Here’s a story I want to tell about my grandfather. They settled for a good amount of time in California – in San Diego county -while their daughters were growing up. And then it was time to move back to Kentucky. They both had parents that were getting older and needed them and my grandfather had the idea to be a farmer. He wanted to build his own house (and he was good with this sort of thing, it wasn’t crazy for him to want to build a house) on a big chunk of land and farm it and live there forever. And one day the family was at the beach. My grandpa went out and drew his dream house in the sand. He drew out the entire house plan right there. And that’s what he later built. That’s the sort of person he was. He was the type of person to draw his house plan in the sand. And even though the house wasn’t what my grandmother had pictured, she had no choice but to say yes because of the look in his eyes as he showed her this plan for them. That’s who they were. He dreamed and she planned and together it made a good life.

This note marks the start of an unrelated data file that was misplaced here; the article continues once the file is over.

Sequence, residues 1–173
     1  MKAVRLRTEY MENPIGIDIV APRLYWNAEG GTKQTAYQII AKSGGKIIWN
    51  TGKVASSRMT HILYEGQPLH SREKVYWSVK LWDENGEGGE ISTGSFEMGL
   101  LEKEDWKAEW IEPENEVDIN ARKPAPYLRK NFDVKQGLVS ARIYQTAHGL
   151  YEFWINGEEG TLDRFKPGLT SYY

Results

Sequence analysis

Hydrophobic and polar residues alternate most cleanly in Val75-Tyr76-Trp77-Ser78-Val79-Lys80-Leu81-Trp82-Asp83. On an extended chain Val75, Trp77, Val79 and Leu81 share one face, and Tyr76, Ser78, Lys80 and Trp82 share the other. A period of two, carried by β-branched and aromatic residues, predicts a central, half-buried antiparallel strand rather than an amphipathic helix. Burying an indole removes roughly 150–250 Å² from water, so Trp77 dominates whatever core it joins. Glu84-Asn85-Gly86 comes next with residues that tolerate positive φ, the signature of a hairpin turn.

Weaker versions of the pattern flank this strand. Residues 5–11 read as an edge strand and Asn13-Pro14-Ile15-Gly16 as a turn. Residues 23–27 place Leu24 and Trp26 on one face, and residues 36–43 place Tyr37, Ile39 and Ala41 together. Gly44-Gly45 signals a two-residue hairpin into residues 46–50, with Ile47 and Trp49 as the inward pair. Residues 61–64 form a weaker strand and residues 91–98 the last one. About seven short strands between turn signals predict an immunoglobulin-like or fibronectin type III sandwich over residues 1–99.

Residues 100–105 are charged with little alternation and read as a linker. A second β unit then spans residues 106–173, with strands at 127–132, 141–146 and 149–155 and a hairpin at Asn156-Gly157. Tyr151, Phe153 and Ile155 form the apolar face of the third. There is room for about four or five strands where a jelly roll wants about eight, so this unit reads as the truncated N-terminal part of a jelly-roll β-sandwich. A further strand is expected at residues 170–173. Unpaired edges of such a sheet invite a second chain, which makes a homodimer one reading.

C&C: Tell me about Frances Stein.

JL: It’s a movie! In my town, we have a local horror movie production company called Big Biting Pig and Frances Stein will be their 9th full length movie. It’s the story of a mad scientist, Frances Stein. I can’t give much away, but there is talk of reanimating human bodies and sucking the memories out of people’s heads – mad scientist stuff! And while I said they do horror movies, I’d call this one something more along the lines of a thriller.